Skip to main content

Little Blue films in the big blue


The Tjärnö Marine Laboratory has acquired a smaller remotely operated vehicle. It is battery driven, reaches to 100 metres depth and is equipped with HD video camera, one-function manipulator, positioning system and side-scan sonar.

A smaller Remotely Operated Vehicle - ROV - has been purchased by the Tjärnö Laboratory. The model BlueROV is manufactured by Blue Robotics in USA. Compared to the two larger remotely operated vehicles at the Tjärnö Laboratory and the even larger on R/V Skagerak, this one is battery driven, has less powerful thrusters and shorter cable. On the other hand, it can be used from smaller boats, docks and piers.

Manufacturer's photo of blue and black underwater vehicle

- We believe ”Little Blue” will be flexible and durable to use in spite of its advanced technology, says Christin Appelqvist. The idea is it will be easier to work with inventories and documentation within research, education as well as activities for the general public. Work that previously demanded three qualified divers can now be performed by one ROV pilot.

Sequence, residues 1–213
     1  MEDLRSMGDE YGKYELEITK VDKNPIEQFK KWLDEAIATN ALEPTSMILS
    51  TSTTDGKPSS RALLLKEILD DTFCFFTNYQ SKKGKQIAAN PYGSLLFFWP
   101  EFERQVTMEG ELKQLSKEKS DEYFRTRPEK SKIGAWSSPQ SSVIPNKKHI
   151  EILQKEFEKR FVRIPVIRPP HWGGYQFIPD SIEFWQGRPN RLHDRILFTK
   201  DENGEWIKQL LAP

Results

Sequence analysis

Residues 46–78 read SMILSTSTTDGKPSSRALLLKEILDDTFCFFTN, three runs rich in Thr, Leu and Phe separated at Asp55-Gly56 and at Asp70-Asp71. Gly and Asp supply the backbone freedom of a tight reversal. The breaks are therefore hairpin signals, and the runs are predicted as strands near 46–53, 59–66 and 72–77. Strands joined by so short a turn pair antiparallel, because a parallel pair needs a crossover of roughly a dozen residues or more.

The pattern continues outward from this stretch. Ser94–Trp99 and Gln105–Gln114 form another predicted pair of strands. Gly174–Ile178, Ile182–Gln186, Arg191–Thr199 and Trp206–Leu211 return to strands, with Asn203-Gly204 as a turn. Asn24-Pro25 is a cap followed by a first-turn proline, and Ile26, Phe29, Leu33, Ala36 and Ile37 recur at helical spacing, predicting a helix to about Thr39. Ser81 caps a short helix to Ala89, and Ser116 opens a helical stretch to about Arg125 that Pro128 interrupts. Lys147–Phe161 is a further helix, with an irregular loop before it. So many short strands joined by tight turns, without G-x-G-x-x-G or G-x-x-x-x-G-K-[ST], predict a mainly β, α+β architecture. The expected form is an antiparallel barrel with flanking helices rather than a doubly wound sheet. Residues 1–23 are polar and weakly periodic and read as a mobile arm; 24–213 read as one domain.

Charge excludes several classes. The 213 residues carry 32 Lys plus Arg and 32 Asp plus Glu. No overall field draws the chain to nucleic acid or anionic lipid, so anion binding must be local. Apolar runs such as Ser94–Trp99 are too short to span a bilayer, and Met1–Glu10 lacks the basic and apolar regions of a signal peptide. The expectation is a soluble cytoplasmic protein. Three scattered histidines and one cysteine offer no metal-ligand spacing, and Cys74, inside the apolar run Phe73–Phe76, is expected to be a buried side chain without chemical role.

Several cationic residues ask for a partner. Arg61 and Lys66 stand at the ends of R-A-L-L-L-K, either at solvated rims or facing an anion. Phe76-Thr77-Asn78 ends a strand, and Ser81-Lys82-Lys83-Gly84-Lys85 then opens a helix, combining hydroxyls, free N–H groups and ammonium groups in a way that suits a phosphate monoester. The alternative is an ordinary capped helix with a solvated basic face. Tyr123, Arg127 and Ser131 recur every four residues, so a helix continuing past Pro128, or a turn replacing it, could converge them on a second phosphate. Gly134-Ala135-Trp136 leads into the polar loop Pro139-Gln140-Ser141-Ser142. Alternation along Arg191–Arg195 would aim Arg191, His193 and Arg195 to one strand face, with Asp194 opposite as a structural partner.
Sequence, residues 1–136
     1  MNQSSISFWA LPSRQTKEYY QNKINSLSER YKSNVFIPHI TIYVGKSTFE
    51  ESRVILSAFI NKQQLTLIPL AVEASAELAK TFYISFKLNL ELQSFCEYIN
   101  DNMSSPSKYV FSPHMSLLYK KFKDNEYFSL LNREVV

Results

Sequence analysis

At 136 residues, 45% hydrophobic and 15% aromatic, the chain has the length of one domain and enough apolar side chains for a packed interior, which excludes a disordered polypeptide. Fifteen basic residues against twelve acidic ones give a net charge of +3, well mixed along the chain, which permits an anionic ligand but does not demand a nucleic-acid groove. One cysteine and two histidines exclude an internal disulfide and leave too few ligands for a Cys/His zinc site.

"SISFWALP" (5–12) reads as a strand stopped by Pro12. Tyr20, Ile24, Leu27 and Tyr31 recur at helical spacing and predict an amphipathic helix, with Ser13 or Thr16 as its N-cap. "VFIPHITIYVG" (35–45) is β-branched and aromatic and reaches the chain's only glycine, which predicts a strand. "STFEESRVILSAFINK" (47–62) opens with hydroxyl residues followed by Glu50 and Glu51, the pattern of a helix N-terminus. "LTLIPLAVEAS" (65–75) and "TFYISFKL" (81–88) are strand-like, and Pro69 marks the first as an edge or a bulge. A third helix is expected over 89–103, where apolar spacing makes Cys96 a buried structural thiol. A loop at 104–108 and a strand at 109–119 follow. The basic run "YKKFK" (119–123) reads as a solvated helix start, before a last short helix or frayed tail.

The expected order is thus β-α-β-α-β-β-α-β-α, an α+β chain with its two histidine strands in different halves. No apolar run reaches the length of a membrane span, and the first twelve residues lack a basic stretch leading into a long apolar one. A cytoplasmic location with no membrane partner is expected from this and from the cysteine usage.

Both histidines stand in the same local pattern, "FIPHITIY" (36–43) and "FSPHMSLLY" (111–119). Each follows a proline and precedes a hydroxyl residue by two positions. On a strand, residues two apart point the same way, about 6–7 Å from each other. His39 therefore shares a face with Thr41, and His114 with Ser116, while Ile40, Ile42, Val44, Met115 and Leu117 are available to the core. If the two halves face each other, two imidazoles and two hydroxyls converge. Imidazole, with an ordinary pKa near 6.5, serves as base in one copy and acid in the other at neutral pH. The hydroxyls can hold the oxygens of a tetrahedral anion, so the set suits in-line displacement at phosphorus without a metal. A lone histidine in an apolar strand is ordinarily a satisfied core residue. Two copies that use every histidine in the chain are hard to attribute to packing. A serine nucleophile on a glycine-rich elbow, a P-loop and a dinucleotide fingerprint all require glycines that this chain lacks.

Christin Appelqvist is project leader for the investment, coordinator for the use as well as pilot. The technicians Roger Johansson and Joel White have assembled the BlueROV, and will also act as pilots.

The cost for the complete system is 200,000 SEK. The investment was made possible thanks to a grant from University of Gothenburg's internal climate fund.

- By using ”Little Blue” for minor studies from small boats, docks and piers, our carbon dioxide emissions and effect on the climate will decrease. The ambition is also to reduce collection of algae and animals through bottom dredging. We can achieve this by increased use of mini-ROV for non-destructive documentation and visualization of marine biodiversity in real-time, says Christin Appelqvist.

Christin, Joel and Rogerare standing with Little blue on an jetty
Christin Appelqvist, Joel White and Roger Johansson are technicians and pilots for ”Little Blue” - the Tjärnö Laboratory's new, smaller remotely operated vehicle. Photo: Thore Hilmersson.